Due to the growth of the Muslim population in Western countries, the field of Islamic financing is one of the economic sectors that is receiving attention by economic systems of these states. Contrary to popular belief, Muslims are not the only customers of the services of banks and financial institutions operating under Islamic law, but some non-Muslims also welcome the use of Islamic financing services for reasons such as the morality of Islamic investment.
Professor Muhammed-Shahid Ebrahim holds a Doctorate in Business Administration from Southern Illinois University, an MBA from the University of Wisconsin and an MSE from the University of Pennsylvania.
His research is focused on financial development. This involves studying asset pricing and financial contracting, as applied to Islamic banking and finance, corporate finance and real estate finance. Prior to joining Durham, he held the position as a Professor of Islamic banking and finance at the Bangor Business School and has previously held roles as a financial analyst/planner with the United Bank of Kuwait and IDS-American Express. Professor Ebrahim was a Research Fellow at the Oxford Centre for Islamic Studies and Harvard University Islamic Finance Program.
IQNA: Contrary to expectations, Islamic finance is growing in Europe and the United States, where Muslims are a minority. What do you think is the reason for welcoming this financial system?
Ebrahim: Islamic finance is growing because of the transparency (lack of gharar) and protection of property rights in the West. The Muslim immigrants are quite religious.
The above is in contrast to the Muslim countries where materialism is rife. The other problem in the Muslim world is the lack of protection of property rights as we have autocracies (similar to the illegal Ummayad regime). This is despite the Qur'ān and the Sunnah’s emphasis on property rights.
IQNA: Why do non-Muslims also use Islamic finance?
Ebrahim: We share the same prophets with the people of the book and there are some who are disenchanted with the ‘ribawi’ finance at the retail level.
It should be noted that in Western capital markets, one can get away from ribā by investing in ‘halal’ equities.
IQNA: What do you think is the biggest positive feature of Islamic financing?
Ebrahim: My personal view is that Islamic finance should be strengthened to help reduce poverty in the Muslim world. This is its most important feature. However, the ijtihad by our esteemed ‘Ulema has not reached the level to help financial exclusion and help our poor attain their well-deserved dignity.
IQNA: Indonesia and Malaysia have somehow become the world's leading Islamic financiers. What is the reason for this large investment in this field in these two countries?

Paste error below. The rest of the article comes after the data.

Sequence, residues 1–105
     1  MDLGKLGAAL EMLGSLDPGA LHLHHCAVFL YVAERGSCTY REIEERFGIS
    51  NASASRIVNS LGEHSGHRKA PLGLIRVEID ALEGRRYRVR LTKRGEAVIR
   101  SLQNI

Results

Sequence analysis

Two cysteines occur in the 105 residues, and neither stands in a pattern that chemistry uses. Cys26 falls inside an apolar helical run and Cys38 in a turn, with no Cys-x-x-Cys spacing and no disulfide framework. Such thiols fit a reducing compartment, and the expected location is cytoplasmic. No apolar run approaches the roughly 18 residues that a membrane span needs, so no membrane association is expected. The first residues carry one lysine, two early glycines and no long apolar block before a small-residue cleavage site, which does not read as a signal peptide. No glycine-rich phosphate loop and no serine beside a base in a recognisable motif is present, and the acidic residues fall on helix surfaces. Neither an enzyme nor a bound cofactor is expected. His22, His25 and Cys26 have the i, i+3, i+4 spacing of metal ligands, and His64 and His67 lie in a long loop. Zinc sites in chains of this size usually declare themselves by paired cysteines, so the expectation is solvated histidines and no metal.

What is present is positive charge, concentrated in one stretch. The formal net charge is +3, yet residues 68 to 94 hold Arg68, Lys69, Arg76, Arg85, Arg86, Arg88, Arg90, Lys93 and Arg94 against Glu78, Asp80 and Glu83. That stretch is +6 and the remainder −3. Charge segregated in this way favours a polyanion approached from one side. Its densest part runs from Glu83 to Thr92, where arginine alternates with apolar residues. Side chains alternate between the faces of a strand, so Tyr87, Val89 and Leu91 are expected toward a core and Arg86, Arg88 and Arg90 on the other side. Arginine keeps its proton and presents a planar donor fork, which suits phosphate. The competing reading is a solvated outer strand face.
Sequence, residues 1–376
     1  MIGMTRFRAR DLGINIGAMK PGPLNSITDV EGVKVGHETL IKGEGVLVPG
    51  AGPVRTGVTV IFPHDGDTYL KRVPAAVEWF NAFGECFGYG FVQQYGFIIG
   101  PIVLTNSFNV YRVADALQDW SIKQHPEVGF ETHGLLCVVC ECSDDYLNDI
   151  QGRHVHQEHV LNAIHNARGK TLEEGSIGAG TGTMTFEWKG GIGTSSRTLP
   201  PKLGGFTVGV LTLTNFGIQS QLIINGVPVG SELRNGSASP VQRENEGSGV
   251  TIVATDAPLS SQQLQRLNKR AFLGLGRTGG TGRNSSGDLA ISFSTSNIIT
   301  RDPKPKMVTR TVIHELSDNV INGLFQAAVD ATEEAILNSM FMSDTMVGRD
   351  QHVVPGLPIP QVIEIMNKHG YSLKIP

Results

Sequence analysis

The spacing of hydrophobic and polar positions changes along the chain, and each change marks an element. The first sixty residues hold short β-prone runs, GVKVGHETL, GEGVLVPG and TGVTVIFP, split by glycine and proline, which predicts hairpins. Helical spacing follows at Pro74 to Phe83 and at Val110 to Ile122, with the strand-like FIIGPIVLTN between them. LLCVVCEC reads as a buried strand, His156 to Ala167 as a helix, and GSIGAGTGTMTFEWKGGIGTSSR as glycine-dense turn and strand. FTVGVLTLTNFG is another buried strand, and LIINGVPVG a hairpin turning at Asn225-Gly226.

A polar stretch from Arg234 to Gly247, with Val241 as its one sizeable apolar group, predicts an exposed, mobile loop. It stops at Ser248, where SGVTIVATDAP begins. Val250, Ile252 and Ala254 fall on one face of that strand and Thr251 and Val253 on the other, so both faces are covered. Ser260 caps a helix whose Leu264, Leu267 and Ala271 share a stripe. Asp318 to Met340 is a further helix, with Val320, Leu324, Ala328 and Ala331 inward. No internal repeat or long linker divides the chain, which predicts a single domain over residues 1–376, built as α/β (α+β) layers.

Ebrahim: I respectfully disagree with you on this respect. The fraction of assets held in the ‘Islamic’ financial system in Malaysia versus Indonesia is quite different. It is higher in Malaysia as the ‘Ulema are involved in a lot of ‘hiyal.’ This is in violation of the Maqasid of the Shariah (Objectives of the Islamic Law).
Indonesia is more conservative than Malaysia and the ‘Ulema there do not approve ‘Inah and Tawarruq sales (a violation of the ribā injunction) (or selling of assets short – a violation of the gharar injunction).
IQNA: What is the situation of Islamic financing in your country of residence and what is your view on it?
Ebrahim: To the best of my knowledge, the only ‘Islamic’ bank we have in the UK is Al-Rayan bank.
This is owned by the Qatari’s. The mortgages they offer is termed as a decreasing Musharakah. However, it is practically difficult to offer this facility. The one offered by Al Rayan does not share the downside risk of a home with the buyer. I doubt that it is halal.
My personal view is that the Ijtihad done by our esteemed ‘Ulema is not up to date and need to be revised.
IQNA: What do you think are the biggest challenges facing the Islamic financing system in recent years?
Ebrahim: I am enthusiastic about Islamic finance but we are not there yet as the Ijtihad conducted by our esteemed 'Ulema has not been updated and is in contrast to the Maqasid Al-Shariah. I am not entusiastic of the Islamic Development Bank as the researchers there are very weak intellectually
I also doubt whether the Saudis who hold the largest share of IDB will allow the research staff to design a system different with the dominant Ribawi one.
IQNA: How do you see the future of Islamic financing in the world?
Ebrahim: Islamic finance can help the Muslim world leapfrog development if and only if the ijtihad is updated and is in accordance with the Maqasid al Shariah
The Maqasid can also free the Muslim ummah from the narrow sectarian views. and bring about peace in the UmmahThis can help in economic growth of the Muslim world.
Interview By Mohammad Hassan Goodarzi